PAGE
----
11 Jan 2021 | Animal welfare
Consider a charity as part of your workplace culture
22 Dec 2020 | Erika Singh
The season of good will is a good time to think about how helping charitable causes could be part of your workplace’s culture. This blog shines a light on the fantastic work of BVA’s charity, the Animal Welfare Foundation, and how you and your colleagues can help.
The Animal Welfare Foundation (AWF) was set up from a legacy left to BVA which stipulated the gift be used for the improvement of animal welfare. As a charity born into the veterinary profession, AWF recognises the important role vets play in upholding animal welfare. We aim to support the veterinary and animal welfare communities by giving them the evidence-based knowledge they need to advance animal welfare, and we do this through the three pillars of research, education and debate. This blog provides a window into our work
Science underpins AWF’s work, and our large body of research has transformed the understanding of welfare issues such as lameness in large animals, as well as providing insights into other species such as birds, cats and poultry.
Recognising the key role of the veterinary professional in championing animal welfare and the fact that this requires skills not always taught at vet school, we funded a project assessing how effective the technique of Motivational Interviewing would be in the veterinary sphere. This project, ‘Improving dairy cattle welfare: promoting uptake of veterinary advice’, has shown that training veterinary professionals in this technique can bring positive results and empower them to more effectively support their clients to make changes that improve animal welfare.
We also run a student grant scheme which encourages students to carry out research in the field of animal welfare. We hope to inspire and support these students to become the researchers of the future! Last year Abigail Liston carried out her project, ‘Welfare study using the AWAG to Measure Quality of Life of Breeding macaques’ and had this to say about the experience: “The skills I developed in order to plan, execute and collate the data I needed for this project was beyond the scope of my university curriculum. I now feel I have gained vital skills that will help shape my future career”.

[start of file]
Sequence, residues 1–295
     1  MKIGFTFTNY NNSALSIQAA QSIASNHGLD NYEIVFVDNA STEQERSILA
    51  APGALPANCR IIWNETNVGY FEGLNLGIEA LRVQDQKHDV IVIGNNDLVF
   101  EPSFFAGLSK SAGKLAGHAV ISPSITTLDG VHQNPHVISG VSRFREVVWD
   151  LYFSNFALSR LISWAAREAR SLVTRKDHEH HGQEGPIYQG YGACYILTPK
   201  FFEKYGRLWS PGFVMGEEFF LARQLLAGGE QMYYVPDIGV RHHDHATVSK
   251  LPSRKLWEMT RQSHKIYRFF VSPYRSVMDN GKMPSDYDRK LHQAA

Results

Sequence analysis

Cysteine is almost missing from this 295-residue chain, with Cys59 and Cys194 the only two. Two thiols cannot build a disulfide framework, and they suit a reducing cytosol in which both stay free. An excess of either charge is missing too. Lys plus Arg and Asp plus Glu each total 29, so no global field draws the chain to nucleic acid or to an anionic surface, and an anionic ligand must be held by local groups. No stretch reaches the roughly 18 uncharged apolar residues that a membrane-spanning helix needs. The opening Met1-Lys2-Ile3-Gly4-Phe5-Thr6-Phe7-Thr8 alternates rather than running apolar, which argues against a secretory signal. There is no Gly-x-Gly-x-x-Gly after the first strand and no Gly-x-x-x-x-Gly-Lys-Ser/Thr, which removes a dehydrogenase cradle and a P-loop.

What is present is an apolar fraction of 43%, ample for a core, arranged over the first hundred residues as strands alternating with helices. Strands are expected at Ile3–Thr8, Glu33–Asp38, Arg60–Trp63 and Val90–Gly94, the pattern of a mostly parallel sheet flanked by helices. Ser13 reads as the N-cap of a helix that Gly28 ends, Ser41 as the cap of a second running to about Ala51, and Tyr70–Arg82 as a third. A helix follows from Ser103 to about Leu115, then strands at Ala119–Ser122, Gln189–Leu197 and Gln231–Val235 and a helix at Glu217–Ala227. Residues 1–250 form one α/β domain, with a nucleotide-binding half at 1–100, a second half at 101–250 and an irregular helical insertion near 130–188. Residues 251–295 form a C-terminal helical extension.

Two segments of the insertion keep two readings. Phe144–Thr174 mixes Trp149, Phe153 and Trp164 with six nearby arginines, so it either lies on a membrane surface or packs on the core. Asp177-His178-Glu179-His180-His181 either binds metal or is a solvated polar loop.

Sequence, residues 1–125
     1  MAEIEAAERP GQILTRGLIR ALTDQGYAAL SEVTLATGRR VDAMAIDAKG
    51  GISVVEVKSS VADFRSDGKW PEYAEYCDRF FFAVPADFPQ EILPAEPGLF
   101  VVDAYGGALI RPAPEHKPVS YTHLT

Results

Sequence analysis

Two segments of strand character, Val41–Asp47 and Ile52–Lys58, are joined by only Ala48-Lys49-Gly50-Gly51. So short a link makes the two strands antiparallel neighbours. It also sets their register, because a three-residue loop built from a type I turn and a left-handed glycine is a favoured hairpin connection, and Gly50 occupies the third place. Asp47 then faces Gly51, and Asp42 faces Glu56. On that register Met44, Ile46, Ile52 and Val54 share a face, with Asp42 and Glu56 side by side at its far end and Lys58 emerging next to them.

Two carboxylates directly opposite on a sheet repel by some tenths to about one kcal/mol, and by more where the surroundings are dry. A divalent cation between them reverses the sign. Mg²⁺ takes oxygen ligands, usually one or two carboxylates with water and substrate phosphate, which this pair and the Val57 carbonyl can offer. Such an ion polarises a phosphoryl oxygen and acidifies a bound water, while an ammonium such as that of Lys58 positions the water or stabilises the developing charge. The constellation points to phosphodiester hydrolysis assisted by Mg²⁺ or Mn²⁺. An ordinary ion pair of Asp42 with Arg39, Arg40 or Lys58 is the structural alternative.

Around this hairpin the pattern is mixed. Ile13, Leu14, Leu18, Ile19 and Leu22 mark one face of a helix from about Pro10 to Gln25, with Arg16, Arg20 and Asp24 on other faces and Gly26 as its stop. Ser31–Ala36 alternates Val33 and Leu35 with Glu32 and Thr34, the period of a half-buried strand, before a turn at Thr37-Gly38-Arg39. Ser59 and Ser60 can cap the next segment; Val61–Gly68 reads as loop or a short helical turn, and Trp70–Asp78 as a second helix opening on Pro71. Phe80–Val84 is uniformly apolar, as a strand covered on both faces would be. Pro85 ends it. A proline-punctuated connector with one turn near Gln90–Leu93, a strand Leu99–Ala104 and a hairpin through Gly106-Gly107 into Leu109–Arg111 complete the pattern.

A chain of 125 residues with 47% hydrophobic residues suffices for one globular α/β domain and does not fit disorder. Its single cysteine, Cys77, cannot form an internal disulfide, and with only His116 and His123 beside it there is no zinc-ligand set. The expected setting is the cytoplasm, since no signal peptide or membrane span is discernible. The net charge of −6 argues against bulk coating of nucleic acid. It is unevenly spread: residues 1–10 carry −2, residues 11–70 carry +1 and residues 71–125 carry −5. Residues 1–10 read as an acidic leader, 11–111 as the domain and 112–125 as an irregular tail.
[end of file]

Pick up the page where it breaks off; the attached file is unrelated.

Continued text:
AWF has a long history of supporting veterinary education, having funded lectureships which helped to embed welfare firmly into the veterinary curriculum. Nowadays, we support veterinary students to become effective animal welfare advocates by hosting interactive talks at veterinary schools. Designed to give students an understanding of the welfare issues they are likely to face in their work, the talks also give them the confidence to speak out about their opinions.
As well as our useful leaflets with animal welfare advice for owners, we collaborated with the RSPCA to create The Puppy Contract. This was a response to the growing issue of puppy farming and the breeding of dogs with conformational defects. The website offers lots of useful guidance to those starting out on the journey of finding a pet dog plus a free downloadable contract, written by vets and endorsed by a large number of welfare organisations. Find out about how The Puppy Contract helped puppy buyer Hannah to find a whippet from a good home.
Every veterinary professional dedicates their career to ensuring the health and welfare of animals committed to their care, but what does this mean for the modern vet? Vets are increasingly being expected to use their position as trusted, respected professionals to guide the behaviour of clients and speak out on animal welfare.
The AWF Discussion Forum fuels the discussion of issues such as overtreatment, giving delegates the chance to learn from experts and deepen their understanding of the topics through the discussions that follow. Delegates leave inspired and energised, with more confidence to discuss these issues with their clients and colleagues. A delegate from the 2019 Forum said that “it had me reflecting on what a renewed sense of purpose and belief I had in why we do what we do”.
Next year’s Discussion Forum will take place on Wednesday 15th September, 2021 and is on the theme of Protecting animal welfare in a changing world.
We are proud of the work we do, but we can’t do it without you. Our work is funded entirely by donations and legacy gifts from our kind supporters.
As BVA’s policy position on good veterinary workplaces points out, considering social responsibility as part of your organisation’s culture can bring business benefits, and help employees to feel positive about their work. Fundraisers can be a great way to join together - both virtually or in person - to support a good cause and have fun.
So, in this season of good will, why not have a think about what you and your colleagues could do to fundraise for our charity? Whether you’re passionate about charity coffee mornings or more of an obstacle course junkie, we have ideas for everyone in our range of fundraising event ideas on our website. Whatever you would like to do, our team is on hand to support you, so please do get in touch.
Merry Christmas to you all!
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